Trees Lounge Movie Review

Get this tagline for Trees Lounge: "A story about one man's search... for who knows what." That could describe quite well writer/director/star Steve Buscemi during his creation of this film, a quirky and melodramatic tragicomedy about... who knows what.

Buscemi plays Tommy, a regular guy in Long Island whose life is basically a series of alcoholic binges, sprinkled with failed love affairs, cheap drugs, and terminal unemployment. A parade of supporting characters (all played by Buscemi's personal friends) run in and out of his life, and everyone tries to make some sense of it all.

The Trees Lounge is the unfortunately-named bar where Tommy spends virtually all of his time. It's the kind of joint where a guy can walk into one night and come back out 20 years later, wondering where his life went. It's the kind of place you can almost smell -- or maybe that was just the movie theater's goo-encrusted floor.

I get the feeling that Trees Lounge is the movie that all filmmakers are secretly dying to make -- a personal portrait of simple life, nothing but depression all the way. The reason this kind of movie doesn't get made more often is because (1) no studio in their right mind would let someone do such a thing [case in point: Trees Lounge is being released by the only-recently-out-of-bankruptcy Orion Pictures], and (2) when you get down to brass tacks, not many people really want to make a movie about someone that's more pathetic than they are.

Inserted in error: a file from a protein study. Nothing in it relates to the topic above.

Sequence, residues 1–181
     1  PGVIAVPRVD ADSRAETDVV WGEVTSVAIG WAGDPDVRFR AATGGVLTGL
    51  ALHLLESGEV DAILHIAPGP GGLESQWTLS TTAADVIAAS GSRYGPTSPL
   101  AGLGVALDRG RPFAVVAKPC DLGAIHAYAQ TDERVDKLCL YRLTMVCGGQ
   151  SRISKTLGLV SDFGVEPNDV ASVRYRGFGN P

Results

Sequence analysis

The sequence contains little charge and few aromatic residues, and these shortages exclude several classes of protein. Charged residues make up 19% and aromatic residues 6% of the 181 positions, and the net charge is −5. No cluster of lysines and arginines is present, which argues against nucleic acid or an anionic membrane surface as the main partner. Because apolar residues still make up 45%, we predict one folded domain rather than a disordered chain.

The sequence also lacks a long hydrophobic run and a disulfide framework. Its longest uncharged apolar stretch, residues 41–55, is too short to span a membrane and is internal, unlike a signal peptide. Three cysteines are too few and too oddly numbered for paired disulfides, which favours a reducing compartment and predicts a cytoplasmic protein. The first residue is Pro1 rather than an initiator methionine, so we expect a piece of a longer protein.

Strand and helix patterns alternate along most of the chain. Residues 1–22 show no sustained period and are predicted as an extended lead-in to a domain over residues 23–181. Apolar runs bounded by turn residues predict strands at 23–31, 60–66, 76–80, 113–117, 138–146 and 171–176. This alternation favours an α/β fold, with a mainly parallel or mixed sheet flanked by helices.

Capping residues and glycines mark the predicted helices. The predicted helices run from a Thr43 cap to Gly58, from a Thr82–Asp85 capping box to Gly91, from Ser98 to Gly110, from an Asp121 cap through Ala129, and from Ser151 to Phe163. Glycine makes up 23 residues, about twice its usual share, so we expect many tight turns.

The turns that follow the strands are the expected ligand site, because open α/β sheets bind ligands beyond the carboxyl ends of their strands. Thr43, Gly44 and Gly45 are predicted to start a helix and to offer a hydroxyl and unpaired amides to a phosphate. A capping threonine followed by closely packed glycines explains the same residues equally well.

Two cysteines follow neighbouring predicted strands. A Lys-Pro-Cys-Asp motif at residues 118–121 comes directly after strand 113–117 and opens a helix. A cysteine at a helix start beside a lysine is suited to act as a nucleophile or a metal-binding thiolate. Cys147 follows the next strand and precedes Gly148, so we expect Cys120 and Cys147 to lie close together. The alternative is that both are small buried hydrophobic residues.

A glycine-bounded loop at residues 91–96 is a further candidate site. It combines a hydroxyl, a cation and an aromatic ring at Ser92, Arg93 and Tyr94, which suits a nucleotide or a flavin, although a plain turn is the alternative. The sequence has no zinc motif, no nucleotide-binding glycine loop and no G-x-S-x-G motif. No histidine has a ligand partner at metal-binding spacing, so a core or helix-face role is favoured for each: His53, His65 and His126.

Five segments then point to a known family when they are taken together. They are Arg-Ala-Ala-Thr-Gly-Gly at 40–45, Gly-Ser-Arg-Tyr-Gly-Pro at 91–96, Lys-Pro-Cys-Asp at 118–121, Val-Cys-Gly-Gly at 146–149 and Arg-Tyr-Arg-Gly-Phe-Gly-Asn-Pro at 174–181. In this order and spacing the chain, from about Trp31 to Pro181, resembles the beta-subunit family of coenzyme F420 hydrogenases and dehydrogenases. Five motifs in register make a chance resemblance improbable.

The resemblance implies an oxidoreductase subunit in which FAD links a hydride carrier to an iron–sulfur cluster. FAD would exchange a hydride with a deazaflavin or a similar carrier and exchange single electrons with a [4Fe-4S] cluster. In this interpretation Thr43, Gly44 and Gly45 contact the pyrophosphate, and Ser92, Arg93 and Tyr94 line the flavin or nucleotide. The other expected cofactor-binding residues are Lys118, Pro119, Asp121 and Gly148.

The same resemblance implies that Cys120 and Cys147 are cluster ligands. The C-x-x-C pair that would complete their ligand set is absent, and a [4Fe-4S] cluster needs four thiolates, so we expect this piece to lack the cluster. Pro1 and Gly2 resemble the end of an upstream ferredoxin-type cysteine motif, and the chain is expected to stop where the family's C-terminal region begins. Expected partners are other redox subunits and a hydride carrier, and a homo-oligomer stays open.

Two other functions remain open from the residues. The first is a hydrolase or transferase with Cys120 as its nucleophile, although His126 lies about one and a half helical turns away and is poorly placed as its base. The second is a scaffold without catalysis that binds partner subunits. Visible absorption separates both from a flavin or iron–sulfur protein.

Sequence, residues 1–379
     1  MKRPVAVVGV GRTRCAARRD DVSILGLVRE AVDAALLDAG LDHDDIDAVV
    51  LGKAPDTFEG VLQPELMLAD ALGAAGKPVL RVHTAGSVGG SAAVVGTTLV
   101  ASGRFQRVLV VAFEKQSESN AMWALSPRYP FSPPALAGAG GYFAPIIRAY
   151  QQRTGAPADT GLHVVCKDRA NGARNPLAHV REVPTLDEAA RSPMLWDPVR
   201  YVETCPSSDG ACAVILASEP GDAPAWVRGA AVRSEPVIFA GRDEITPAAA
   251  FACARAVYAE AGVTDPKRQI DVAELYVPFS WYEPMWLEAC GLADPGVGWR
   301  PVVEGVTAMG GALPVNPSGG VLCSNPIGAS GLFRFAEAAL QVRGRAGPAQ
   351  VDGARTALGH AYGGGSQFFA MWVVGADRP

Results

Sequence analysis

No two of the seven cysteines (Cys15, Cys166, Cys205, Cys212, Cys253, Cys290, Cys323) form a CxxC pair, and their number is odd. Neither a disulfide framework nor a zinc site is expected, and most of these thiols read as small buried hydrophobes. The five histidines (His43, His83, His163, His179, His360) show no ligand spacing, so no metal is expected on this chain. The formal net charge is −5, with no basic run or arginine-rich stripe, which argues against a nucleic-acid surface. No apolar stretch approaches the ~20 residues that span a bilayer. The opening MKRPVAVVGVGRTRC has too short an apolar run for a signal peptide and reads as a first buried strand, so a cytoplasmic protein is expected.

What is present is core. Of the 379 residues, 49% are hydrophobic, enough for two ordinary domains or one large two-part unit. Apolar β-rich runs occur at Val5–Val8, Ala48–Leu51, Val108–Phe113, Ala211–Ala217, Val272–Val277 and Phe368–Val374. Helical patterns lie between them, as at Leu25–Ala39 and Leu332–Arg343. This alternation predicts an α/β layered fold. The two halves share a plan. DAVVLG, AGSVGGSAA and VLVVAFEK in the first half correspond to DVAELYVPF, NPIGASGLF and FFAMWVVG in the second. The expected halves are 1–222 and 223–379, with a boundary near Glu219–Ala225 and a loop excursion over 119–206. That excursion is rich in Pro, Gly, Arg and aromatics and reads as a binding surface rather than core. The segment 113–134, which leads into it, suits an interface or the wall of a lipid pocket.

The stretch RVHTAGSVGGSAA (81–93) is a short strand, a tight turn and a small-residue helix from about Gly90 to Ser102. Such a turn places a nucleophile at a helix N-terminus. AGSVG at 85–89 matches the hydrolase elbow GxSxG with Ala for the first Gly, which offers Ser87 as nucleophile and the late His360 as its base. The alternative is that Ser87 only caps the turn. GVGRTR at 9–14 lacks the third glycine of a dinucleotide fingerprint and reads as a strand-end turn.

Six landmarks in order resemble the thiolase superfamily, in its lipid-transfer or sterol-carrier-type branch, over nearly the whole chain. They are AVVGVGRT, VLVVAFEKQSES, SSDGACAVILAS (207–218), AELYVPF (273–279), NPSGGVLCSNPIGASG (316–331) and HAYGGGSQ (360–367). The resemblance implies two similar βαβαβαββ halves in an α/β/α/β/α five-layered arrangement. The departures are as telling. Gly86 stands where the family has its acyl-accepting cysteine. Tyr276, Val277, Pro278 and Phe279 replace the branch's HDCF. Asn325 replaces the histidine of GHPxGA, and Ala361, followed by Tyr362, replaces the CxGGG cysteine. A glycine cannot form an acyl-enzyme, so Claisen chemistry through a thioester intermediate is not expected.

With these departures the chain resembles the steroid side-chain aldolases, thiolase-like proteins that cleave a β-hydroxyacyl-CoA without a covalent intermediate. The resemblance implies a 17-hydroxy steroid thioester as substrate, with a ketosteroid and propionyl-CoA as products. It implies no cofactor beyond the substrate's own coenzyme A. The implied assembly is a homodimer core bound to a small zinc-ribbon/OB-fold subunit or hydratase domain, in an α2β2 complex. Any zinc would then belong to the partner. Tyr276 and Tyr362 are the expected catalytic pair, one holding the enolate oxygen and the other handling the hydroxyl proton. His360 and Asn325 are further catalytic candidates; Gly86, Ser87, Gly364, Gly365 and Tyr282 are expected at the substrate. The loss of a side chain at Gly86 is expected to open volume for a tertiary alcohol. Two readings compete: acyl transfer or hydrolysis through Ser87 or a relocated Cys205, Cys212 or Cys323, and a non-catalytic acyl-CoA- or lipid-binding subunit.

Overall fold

Still, I've got to admire Buscemi for doing it anyway. Buscemi has complained in interviews about having trouble writing the script for Trees Lounge, and it shows, but at least he doesn't let the self-pity get too thick, applying liberal doses of comedy to counter the tragic underscore of the film. Overall, he ends up with a picture that isn't half bad, but which just doesn't make for a light matinee and certainly isn't "fun for the whole family."

As a director, Buscemi isn't awful, but he isn't great. As far as his casting choices, they're fine, except for his breaking of the cardinal rule that Daniel Baldwin should never be allowed to be in a movie. Chloe Sevigny (Kids) is a fun Lolita, and minor roles like Bronson Dudley's eternal barfly are a scream, and they really show Buscemi's knack for comedy. Let's hope he explores this a little more in his next offering.

P.S. Be sure to watch for the cameo by the faux-Reservoir Dogs (it's in the first five minutes).

The glass is more than just half empty in Trees Lounge.

Comments

Trees Lounge Rating

" Good "

Rating: R, 1996

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